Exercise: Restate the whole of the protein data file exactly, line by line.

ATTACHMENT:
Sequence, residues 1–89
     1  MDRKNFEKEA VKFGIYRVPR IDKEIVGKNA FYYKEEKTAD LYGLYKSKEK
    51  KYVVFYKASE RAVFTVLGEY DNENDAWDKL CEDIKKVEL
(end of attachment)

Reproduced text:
Sequence, residues 1–89
     1  MDRKNFEKEA VKFGIYRVPR IDKEIVGKNA FYYKEEKTAD LYGLYKSKEK
    51  KYVVFYKASE RAVFTVLGEY DNENDAWDKL CEDIKKVEL